Read “Heart pain, i” here.
One afternoon, the secondary school boys entertained us (and themselves) by pouring water over their heads and spiking their hair into fauxhawks, which they deemed “American.”
I told Pavi how much I liked his hairstyle. “Will they let you wear it like this every day?”
He shook his head. “No… I’ll try!”
I told him that I have a brother his age who also spikes his hair and wants be an engineer.
“Will he come to India?”
“He should sometime.”
“Will you come back next year?”
At this point, I could already sense that I would be unable to stay away from this haven of love and simplicity for long. But I tried not to make unstable promises.
“I hope so. I’ll try hard.”
He shook his head emphatically.
“No. Not try. Must you will come back.”
And the question was no longer how or when or whether I could return, because I knew as well as he did that I must.
The question was how I could leave.
Because availability of power is limited in some parts of India, “current” outages were an expected occurrence twice daily in our village. (If you’ve never been in the middle of a crowded street and watched an entire town black out at once, it’s strangely enchanting.) These outages temporarily halt you wherever you are, especially in rural areas where generators are not waiting to be switched on. So our last evening before leaving Semmandakuppam found me in the middle of a handful of secondary school boys, faces outlined by blueish cell phone light. The sun had set long ago, and stars shone above the coconut trees like dust shaken off celestial sandals.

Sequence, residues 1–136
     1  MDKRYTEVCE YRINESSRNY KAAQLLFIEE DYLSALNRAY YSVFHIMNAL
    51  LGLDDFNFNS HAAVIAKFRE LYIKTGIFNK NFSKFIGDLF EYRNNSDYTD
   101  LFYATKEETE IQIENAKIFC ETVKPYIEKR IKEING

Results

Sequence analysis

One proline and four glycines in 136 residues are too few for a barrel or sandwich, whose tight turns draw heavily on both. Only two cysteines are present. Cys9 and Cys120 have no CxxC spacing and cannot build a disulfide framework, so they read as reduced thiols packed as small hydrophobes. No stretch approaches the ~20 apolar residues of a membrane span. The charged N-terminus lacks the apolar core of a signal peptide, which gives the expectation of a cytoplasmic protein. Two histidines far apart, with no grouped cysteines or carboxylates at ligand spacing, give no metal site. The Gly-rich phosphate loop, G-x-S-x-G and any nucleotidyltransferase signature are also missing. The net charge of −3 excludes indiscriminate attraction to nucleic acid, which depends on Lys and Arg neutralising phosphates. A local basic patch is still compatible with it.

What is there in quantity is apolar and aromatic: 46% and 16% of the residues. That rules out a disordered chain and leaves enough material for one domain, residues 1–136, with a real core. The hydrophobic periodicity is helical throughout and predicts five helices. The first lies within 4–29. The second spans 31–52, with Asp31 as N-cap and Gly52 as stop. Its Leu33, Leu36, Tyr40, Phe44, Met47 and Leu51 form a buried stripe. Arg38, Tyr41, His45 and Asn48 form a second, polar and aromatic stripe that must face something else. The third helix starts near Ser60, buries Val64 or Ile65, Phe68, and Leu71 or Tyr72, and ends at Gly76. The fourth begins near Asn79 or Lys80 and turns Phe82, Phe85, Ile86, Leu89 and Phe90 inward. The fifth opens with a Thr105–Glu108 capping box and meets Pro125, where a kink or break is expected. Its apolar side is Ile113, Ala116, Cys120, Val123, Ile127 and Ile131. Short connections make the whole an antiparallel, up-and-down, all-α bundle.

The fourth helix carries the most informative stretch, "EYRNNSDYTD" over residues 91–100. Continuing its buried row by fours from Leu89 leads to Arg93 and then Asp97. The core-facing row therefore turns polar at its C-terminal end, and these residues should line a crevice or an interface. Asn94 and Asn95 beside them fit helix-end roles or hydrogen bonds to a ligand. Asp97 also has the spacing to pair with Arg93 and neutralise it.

“Count the stars,” Pavi urged, as he had several times that week.
“Good exercise for the eyes!” There was an echo of affirming voices.
“Okay.” I started counting, then quit like a typical American. “You count, Pavi! I cannot count all those stars!”
He laughed and began tracing a trail.
“It is all like, grace of God.”
The current came back on.
In that village, that moment, that life, when the lights went out too soon, plans were set aside for heaven-knows-how-long, and expectations couldn’t bring the current back, he looked at the stars and saw the grace of God.
Maybe we understand when we no longer know.
Maybe we find strength when we start being weak.
Maybe we enter the kingdom of heaven when we become like children.
Maybe we behold glory when we stop shielding our eyes from the least of these.
Maybe we see light in the absence of current.